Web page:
Wednesday, March 4, 2009

Juvenile Life Without Parole, Youth Sentencing Targeted for Reform in Legislature

by Eartha Jane Melzer
Michigan Messenger
Wednesday, March 4, 2009

Despite growing bipartisan support for corrections reform, some state Republicans are wary of reforms affecting juvenile sentencing and parole.

Nearly 1,000 of the roughly 49,000 inmates of the Michigan Department of Corrections have served more than 10 years for crimes they committed while under 18. And nearly 350 of them are serving life sentences without parole for crimes they committed as children.

The youthful-offender parole reform bill (SB 174), which is tied to a bill to end juvenile life-without-parole sentences (SB 173), passed the House last year and was reintroduced this session in the Senate. The bills are now before the Judiciary Committee, which has yet to take action on the legislation.

The measure would allow a parole board, after 10 years, to evaluate the cases of some juvenile offenders who are serving sentences of more than 10 years or serving life sentences or life without parole. Currently, those serving life are eligible for parole after 15 years; those serving life without parole are ineligible.

Efren Paredes Jr., 35, is the most widely known of the inmates who could be affected by the legislation.

Paredes was a 15-year-old honor student with no criminal record when he was convicted of a 1989 murder and robbery in St. Joseph. He was sentenced to three life sentences without parole.

Throughout his imprisonment at Jackson and other state prison facilities, he has maintained his innocence. Paredes received his GED at 16, enrolled in college courses and has worked since 1995 translating textbooks into Braille.

In February, the city council in Berkeley, Calif., passed a resolution calling for the end of juvenile-life-without-parole sentencing and for the commutation of Parades’ sentence.

Also last month, a parole board heard more than eight hours of testimony at a hearing where Paredes sought commutation of his sentence. Russ Marlin, spokesman for the Department of Corrections, said that parole board members are expected to issue a recommendation this month.

The passage of the juvenile-life-without-parole legislative package would allow Paredes, and others in his class, to be considered for parole.

Velia Koppenhoefer, Paredes’ mother, continues to press for her son’s release and is pressing for reform. She said via email:
Efren will be imprisoned for a complete 20 years on March 15. With all he has accomplished in his life while incarcerated, his outpouring of nationwide support, as well as having home placement and guaranteed employment if released, he would have been an excellent candidate for release long before now.
The key things to understand about the pending Senate Bills which seek to abolish life without parole sentences for juveniles (i.e., Senate Bills 173-176) is that they do not release a single prisoner. There is a big misconception among people that the bills will release people and that is simply not true.
State Sen. Alan Cropsey (R-DeWitt), who serves on the Judiciary Committee, is not in favor of passing the juvenile sentencing bills out of his committee. The lawmaker said he was unfamiliar with the case of Efren Paredes and noted that the juvenile sentencing package is unlikely to advance through the Judiciary Committee “until someone shows us why it should move.”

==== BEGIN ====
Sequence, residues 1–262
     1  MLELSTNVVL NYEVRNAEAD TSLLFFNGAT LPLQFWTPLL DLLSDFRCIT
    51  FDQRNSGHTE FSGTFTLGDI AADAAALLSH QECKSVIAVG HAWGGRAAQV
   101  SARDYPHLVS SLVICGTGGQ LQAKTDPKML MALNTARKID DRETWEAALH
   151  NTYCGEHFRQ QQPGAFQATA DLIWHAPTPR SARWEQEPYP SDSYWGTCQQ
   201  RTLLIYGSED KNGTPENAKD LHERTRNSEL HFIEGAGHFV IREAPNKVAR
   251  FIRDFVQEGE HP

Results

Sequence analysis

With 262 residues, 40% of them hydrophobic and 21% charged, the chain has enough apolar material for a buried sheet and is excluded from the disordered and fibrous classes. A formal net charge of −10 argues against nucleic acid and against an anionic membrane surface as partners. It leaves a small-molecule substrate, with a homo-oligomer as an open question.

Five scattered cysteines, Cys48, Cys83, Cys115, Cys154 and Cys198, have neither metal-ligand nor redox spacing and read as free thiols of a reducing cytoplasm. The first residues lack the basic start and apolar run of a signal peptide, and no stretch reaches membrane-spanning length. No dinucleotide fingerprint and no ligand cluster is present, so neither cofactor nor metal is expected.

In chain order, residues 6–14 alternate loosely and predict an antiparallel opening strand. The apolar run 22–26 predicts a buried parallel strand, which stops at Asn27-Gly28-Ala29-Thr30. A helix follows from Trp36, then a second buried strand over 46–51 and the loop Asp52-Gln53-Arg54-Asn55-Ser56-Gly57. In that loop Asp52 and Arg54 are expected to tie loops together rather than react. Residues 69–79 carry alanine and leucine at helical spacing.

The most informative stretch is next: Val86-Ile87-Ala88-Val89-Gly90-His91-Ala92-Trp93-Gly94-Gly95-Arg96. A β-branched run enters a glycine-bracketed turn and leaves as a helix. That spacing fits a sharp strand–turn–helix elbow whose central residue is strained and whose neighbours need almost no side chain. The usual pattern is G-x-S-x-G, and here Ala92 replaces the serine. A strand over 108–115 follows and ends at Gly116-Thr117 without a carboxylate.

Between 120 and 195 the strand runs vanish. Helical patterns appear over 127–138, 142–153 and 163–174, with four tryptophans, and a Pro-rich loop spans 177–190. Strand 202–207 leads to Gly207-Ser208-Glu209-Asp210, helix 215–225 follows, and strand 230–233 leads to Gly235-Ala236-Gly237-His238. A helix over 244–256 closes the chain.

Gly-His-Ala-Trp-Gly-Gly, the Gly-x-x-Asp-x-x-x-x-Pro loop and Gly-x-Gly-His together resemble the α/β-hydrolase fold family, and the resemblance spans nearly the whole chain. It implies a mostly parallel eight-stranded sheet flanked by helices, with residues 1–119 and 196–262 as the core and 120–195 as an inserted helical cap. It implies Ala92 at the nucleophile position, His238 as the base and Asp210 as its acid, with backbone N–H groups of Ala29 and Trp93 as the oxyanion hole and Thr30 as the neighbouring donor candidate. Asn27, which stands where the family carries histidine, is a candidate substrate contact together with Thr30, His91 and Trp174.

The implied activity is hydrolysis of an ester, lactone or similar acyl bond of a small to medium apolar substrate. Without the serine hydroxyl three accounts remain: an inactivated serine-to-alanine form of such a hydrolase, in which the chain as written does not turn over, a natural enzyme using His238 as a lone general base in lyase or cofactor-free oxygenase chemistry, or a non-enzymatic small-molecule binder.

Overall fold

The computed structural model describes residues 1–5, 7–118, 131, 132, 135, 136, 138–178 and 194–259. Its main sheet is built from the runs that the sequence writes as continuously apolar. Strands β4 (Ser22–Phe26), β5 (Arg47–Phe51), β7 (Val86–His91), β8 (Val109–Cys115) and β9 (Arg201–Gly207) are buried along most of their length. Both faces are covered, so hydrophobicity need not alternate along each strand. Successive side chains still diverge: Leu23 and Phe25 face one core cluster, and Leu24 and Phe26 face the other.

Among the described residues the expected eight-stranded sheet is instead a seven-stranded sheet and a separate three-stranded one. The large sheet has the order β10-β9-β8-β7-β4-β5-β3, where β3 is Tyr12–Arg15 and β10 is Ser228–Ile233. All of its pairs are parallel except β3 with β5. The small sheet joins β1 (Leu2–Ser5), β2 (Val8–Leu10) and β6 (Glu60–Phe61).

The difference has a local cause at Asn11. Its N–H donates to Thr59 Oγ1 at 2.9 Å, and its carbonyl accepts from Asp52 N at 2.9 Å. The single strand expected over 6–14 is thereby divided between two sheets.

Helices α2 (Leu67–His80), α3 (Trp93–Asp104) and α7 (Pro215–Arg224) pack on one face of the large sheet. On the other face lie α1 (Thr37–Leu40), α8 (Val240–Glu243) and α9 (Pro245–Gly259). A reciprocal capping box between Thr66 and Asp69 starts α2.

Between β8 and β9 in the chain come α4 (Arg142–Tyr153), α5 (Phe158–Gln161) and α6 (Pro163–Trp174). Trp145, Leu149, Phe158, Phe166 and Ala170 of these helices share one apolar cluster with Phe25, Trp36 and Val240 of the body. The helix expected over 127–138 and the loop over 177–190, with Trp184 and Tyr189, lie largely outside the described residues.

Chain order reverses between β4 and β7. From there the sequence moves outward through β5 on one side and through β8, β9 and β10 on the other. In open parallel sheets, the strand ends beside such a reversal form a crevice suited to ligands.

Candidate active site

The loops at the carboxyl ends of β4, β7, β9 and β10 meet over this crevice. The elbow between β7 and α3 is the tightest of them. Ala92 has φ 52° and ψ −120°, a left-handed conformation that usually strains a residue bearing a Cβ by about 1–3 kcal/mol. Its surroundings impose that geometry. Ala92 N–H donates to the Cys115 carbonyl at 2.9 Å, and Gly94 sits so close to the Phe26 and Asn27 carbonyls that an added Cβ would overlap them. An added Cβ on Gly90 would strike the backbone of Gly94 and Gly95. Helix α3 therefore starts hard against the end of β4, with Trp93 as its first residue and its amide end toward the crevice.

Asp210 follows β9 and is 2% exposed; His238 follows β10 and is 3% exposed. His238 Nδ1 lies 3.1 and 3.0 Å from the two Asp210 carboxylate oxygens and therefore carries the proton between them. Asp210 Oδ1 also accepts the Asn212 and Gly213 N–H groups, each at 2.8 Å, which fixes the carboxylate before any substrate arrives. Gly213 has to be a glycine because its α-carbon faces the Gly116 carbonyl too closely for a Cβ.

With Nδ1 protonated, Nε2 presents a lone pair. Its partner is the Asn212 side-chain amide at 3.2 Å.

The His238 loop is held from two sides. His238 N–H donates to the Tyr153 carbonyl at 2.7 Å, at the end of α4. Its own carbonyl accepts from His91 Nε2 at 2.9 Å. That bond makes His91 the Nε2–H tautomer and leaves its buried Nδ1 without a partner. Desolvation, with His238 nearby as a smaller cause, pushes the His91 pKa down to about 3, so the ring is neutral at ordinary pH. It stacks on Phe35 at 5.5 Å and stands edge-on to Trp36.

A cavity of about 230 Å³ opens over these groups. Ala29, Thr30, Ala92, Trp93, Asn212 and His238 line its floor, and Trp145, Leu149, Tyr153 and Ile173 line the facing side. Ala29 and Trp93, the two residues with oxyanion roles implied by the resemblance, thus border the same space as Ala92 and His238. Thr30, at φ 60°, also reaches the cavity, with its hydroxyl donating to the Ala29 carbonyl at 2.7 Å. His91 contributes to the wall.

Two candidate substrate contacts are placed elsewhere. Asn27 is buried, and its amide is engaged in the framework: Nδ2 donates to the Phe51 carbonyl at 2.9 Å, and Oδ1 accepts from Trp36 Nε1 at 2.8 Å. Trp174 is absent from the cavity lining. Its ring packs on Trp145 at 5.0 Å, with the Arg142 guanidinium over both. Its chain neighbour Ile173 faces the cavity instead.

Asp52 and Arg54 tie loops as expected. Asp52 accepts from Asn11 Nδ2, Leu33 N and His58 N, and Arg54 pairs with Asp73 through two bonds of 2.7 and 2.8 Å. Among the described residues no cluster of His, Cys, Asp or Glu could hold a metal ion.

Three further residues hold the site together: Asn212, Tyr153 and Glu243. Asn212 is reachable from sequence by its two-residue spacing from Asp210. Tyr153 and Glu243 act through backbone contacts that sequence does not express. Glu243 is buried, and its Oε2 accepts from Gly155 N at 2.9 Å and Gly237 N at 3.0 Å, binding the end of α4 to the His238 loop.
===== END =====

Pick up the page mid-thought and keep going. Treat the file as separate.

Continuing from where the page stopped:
Among his objections, he said, is his skepticism about the cost savings claims associated with the measure.

An analysis conducted by the Legislature last year found that Michigan could save up to $6.3 million per year by allowing juvenile offenders who are serving sentences of more than 10 years to be reviewed for parole.

Also, a recent state-commissioned report by the Council of State Governments noted that Michigan’s high corrections costs — now 20 percent of the total state budget — are a result of long prison sentences. The average prisoner serves 127 percent of his or her minimum sentence, before being granted parole. The report recommended that inmates be evaluated for parole after serving the minimum sentence, adding that this could save $90.7 million and reduce the prison population by more than 4,000 inmates by 2015. These recommendations have received bipartisan support.

But Cropsey said that increasing parole review for juveniles serving long sentences and ending life without parole for juveniles is unlikely to reduce the prison population.

“You can talk about it theoretically, but when you start talking about the facts of a case, when you open up a file and look at the victims, you think, ‘This is not a good risk.‘”

Parole boards are unlikely to release people convicted of such horrible crimes, he said, and the governor has the power to commute sentences in rare cases where appropriate.

When state law was revised in 1988 to allow the sentencing of younger people to long prison terms in adult incarceration, he was initially disturbed, Cropsey said.

He said he thought: “Now, this is nuts. Are we just going to do away with the eight- and nine-year-olds?”

But his worries about very young people doing hard time were calmed by the introduction of successful legislation that allows probate judges to decide whether to sentence young people as juveniles or as adults, he added.

“This increased discretion fixes the problem,” he said. “We have life without parole here instead of the death penalty.”

Cropsey said that he was open to sitting down with anyone with information about a case that might change his mind about the package.

“I am a conservative Republican, basically a law-and-order type, but I’m also a man of faith,” he said, “Can people change? Yes, people can change.”


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